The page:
Pyramids, Pizza, and Pinball: An Out-of-Towner’s Guide to Memphis

November 30, 2018

Memphis is well known as the city of jazz, blues, and barbecue. If you’re on your way there soon, it might be difficult to know where to go and what to see (or taste)! Thankfully, I’ve curated a helpful guide with some of the top-rated hotspots that you need to visit if you’re in town.

1. Graceland
Just nine miles from downtown is Elvis’s historic mansion: a Colonial Revival-style, twenty-three-room home. Elvis bought Graceland in 1957 to move out of the city limits and stop annoying his neighbors with the flocks of fans who would congregate in front of his house. After his death, Graceland became a memorial to his life. It opened to the public in 1982. You can visit his grave there, along with his iconic pink Cadillac. Graceland is the second most visited home in the U.S., just after the White House.

2. The Arcade
Built in 1919, The Arcade is the oldest surviving restaurant in Memphis. It was established by Speros Zepatos, who immigrated to Memphis from Greece. In the 1950s, his son Harry gave the building a classic 50’s makeover and turned it into the hopping diner it is today. The restaurant serves up southern-style breakfast and lunch daily and is open late on the weekends. The Arcade has quite a reputation, too: Elvis used to be a regular, and you can even request to sit in the “Elvis Booth” while you eat your eggs and grits. The Arcade has also been used as a film location in The Client, Elizabethtown, Walk the Line, and The Firm (among others)! Look for the “Modern Movie Making in Memphis” plaque outside denoting its big screen fame.

Memphis skyline

3. Rec Room
While The Arcade sounds like it would be… well, an arcade? Obviously it isn’t. But Rec Room is! It’s actually what kids these days are calling a barcade. One of their mottos is “high scores and generous pours.” You can pop in and play a round of pinball while you sip on your favorite beer. They have a generous number of rotating classic arcade games like Donkey Kong, Burger Time, and Mortal Kombat. You can also play air hockey, Skeeball, or ping pong, as well as select from a variety of Xbox games. If you get hungry, they serve pizza on site and usually have a brigade of food trucks coming in and out that serve sundry local fares.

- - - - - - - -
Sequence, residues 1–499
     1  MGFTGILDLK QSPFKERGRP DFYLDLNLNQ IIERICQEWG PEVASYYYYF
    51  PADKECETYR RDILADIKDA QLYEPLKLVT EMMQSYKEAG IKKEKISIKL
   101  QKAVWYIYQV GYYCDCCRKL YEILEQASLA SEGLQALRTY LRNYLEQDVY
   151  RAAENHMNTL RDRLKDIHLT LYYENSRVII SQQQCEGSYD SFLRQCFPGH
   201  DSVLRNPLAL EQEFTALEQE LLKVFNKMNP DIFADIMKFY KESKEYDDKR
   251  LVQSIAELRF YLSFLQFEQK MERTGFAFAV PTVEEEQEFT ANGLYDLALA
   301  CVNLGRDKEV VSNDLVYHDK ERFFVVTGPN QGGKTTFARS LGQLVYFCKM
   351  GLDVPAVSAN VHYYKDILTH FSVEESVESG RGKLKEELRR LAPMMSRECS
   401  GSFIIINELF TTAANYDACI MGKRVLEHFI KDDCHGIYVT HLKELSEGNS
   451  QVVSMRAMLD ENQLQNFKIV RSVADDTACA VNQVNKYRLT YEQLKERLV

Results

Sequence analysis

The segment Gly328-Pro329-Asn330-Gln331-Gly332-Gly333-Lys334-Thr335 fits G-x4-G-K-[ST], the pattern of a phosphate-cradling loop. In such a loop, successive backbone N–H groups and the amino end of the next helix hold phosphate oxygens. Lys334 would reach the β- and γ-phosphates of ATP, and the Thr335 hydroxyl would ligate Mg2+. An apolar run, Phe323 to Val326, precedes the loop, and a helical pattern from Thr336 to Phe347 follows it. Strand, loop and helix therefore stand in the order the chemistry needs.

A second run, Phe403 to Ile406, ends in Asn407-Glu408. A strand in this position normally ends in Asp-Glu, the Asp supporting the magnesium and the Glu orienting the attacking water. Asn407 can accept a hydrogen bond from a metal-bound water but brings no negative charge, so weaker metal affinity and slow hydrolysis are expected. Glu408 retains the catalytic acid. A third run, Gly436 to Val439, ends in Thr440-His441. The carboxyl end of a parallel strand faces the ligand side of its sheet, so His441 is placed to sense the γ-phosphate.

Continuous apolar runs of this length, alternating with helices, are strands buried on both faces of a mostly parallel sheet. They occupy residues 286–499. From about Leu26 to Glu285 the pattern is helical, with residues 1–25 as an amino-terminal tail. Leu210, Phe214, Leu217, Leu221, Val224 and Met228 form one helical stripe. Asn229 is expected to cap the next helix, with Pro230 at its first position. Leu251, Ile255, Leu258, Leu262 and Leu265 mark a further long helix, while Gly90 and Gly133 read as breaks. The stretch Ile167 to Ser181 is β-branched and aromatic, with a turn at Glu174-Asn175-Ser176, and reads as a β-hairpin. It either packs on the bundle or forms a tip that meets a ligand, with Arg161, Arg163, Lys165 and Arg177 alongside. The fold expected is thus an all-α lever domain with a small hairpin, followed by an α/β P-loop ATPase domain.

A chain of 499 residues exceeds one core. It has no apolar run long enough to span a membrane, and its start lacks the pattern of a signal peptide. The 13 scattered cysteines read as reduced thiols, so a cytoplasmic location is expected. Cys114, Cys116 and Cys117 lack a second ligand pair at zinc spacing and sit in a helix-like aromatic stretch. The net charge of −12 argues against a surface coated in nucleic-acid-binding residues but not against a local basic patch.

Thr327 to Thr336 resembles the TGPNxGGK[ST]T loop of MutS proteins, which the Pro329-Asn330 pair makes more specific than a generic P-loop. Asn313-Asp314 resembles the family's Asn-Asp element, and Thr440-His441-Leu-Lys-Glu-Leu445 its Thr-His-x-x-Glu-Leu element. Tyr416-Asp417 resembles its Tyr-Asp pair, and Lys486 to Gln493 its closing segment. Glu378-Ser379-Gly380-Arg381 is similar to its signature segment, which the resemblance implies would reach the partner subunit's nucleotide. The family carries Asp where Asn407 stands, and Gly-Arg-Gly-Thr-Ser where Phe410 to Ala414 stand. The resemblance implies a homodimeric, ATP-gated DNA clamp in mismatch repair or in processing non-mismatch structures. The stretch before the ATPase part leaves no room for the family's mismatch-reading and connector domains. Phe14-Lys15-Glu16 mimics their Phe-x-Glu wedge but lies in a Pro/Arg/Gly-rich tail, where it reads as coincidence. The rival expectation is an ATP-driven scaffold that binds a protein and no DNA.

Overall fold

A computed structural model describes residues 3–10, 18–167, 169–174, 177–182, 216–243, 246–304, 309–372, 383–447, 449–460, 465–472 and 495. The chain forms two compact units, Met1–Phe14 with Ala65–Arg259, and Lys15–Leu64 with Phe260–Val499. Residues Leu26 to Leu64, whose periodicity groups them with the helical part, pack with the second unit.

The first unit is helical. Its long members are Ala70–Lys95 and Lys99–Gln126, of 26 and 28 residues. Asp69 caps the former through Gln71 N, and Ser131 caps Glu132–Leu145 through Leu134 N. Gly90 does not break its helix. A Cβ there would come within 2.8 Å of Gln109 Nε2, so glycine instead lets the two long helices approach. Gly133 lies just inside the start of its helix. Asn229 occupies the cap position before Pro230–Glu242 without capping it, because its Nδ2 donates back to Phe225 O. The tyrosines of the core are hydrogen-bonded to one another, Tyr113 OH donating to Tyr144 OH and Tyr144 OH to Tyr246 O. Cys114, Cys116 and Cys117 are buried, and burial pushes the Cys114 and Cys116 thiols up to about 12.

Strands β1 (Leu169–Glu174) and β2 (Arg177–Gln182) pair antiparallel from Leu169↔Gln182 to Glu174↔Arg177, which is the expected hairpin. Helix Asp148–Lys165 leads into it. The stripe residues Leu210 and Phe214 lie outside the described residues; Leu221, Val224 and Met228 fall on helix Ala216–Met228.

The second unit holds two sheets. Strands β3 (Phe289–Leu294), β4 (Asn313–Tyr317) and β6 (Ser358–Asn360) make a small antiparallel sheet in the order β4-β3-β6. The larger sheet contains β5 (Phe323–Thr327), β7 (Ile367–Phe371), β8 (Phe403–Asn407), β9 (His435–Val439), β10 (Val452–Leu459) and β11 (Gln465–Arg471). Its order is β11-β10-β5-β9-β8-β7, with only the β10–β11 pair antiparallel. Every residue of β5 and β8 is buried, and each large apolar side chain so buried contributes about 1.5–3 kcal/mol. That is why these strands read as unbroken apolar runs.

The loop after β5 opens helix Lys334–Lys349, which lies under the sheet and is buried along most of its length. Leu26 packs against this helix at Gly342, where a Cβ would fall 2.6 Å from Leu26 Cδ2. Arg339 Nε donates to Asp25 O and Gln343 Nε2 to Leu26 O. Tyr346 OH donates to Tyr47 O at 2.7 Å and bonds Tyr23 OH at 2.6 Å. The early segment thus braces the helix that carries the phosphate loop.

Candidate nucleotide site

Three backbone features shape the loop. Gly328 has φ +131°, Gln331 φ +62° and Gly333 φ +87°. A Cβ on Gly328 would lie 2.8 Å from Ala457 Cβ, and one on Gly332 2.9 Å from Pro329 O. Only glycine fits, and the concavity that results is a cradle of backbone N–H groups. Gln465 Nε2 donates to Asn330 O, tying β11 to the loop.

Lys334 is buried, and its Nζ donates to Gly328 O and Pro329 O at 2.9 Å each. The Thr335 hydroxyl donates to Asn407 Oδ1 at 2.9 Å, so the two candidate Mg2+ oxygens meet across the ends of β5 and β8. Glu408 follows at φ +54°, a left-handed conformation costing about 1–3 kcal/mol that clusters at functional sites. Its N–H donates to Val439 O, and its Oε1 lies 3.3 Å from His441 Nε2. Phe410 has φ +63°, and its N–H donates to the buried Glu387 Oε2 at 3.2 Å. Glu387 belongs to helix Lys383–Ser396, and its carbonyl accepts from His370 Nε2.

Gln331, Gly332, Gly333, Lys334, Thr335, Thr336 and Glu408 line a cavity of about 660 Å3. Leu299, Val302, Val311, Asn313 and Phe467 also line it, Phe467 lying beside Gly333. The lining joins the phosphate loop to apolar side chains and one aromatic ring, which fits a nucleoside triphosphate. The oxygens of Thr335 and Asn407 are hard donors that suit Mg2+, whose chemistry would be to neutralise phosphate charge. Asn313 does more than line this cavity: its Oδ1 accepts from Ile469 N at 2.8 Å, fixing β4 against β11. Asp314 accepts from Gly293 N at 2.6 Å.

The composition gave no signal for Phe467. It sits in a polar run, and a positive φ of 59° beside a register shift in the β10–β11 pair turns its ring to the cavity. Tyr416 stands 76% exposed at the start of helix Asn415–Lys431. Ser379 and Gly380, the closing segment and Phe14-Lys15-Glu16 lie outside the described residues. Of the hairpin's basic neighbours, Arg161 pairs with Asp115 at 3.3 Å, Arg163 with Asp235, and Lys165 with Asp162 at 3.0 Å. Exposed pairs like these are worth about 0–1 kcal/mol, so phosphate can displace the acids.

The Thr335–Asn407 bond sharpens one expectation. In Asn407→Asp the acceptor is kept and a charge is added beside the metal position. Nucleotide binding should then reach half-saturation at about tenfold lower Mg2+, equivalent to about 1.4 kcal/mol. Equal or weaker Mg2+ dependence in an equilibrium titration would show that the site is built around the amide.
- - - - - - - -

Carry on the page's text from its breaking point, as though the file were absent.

4. Beale Street
Did you really go to Memphis if you didn’t visit Beale Street? It was declared the “home of the blues” by Congress in 1977 and has seen such heavy hitters as Louis Armstrong, Albert King, Muddy Waters, Memphis Minnie, and B.B. King. Today, it’s on the National Register of Historic Places, and if you’re looking for something to do, there’s a place for everyone on Beale Street. Check out the Memphis Rock ‘n’ Soul Museum, curated by the Smithsonian, or stop into B.B. King’s Blues Club for a bite and a boogie. You can visit A. Schwab, a mom and pop dry goods store which is the only remaining original business on Beale Street, or treat yourself to one of Dyer’s burgers. Dyer’s has been dishing up hamburgers cooked in their famous “secret grease” since 1912.

Beale Street, Memphis

5. The National Civil Rights Museum
For any informed citizen, a stop at the National Civil Rights Museum (NCRM) is a must. The museum is built around the Lorraine Motel, the site of the assassination of Dr. Martin Luther King, Jr., which happened on April 4, 1968. The complex takes visitors through a series of interactive and evocative exhibits that map out the story and struggle of the civil rights movement. The NCRM has a series of changing gallery exhibitions as well as a repertoire of permanent exhibits, including one honoring Rosa Parks and the Montgomery Bus Boycott and another called “Standing Up by Sitting Down,” which includes an original lunch counter from the student sit-ins in Greensboro. One of the most famous and moving permanent exhibits at the NCRM is Room 306, where Dr. King was staying the night he was killed. Everything in the room is exactly as it was that night—stopped in time.

6. The Pyramid
The Pyramid is an iconic Memphis landmark. Built in 1991, it’s a sixty percent replica of the Great Pyramid of Giza. While it was originally intended to be an arena for sports and other crowd-drawing events, it currently houses, most famously, a Bass Pro Shops superstore. But there are lots of things to see and do at The Pyramid! Aside from being a fabulous photo op spot, inside there’s an archery range, a laser arcade, and a bowling alley that’s also an aquarium. If you’re into heights, you can dine at The Lookout, which is at the very top of The Pyramid. A twenty-eight story elevator ride (the country’s tallest freestanding elevator) will take you to the observation deck, where you can take in a 360-degree view of the city before noshing on salmon or ribeye. You can even stay in The Pyramid if you like. The Big Cypress Lodge, a 100-room hotel, sits in the base of this Memphis icon.

The Pyramid

 

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